Remember that more is definitely less when it comes to relevance. Keep the reader engaged by eliminating distracting, irrelevant editorial or offers. Focus on delivering key messages that people have responded to historically. Relevance is the key to developing long-term, meaningful online relationships with your subscribers.
Play with frequency
The strength of a communication tool like an e-newsletter is its predicable, periodic appearance in a subscriber's inbox. Email is a very responsive, one-to-one media. We can send messages to readers swiftly, responding to changing conditions or issues as they happen. Best practices tell us that ideally, we should ask the respondent to tell us how often they want to hear from us via email. So how do we resolve these seemingly conflicting issues of timeliness, preference, and predictability?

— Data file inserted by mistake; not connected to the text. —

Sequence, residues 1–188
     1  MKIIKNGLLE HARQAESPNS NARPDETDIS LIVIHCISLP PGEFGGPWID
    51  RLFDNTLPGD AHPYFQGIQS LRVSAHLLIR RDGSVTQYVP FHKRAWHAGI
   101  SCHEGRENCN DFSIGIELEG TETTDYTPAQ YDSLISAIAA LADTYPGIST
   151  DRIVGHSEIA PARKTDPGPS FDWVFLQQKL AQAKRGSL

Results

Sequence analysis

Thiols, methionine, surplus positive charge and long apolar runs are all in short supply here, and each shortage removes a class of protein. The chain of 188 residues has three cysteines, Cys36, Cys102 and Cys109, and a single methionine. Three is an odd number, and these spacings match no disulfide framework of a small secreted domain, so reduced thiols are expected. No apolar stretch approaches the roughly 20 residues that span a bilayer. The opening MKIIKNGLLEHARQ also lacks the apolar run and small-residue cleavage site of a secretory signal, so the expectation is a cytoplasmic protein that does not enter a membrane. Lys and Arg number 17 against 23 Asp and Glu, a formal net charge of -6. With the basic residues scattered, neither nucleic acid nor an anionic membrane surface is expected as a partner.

One answer may be email bulletins. A bulletin is a news-, information-, or offer-based communication piece that can serve to maintain contact in between regularly scheduled, periodic newsletters. The bulletin is single-minded and responsive, but to respect the subscriber's preference for frequency of communication, we need to use bulletins carefully. Use them only when circumstance or opportunity presents itself. Do not send the bulletin to your whole email list. If you have a segmented list, choose the relevant audience first, and then deploy. The relevance of your message should balance with the elevated frequency of contact for that month. The balance between relevance and frequency should work together to ensure your recipient stays engaged, thus reducing the number of unsubscribes.
Two-way communication--the email newsletter
Marketers sometimes fail to grasp email as a two-way communication vehicle that directly allows subscribers to communicate and interact with us.
There are a few ways that the reader may instinctively want to respond or communicate when they receive an email newsletter. The first and often-most overlooked way is that the reader will respond in the fashion they typically respond to an email: by hitting the reply-to button in their email program.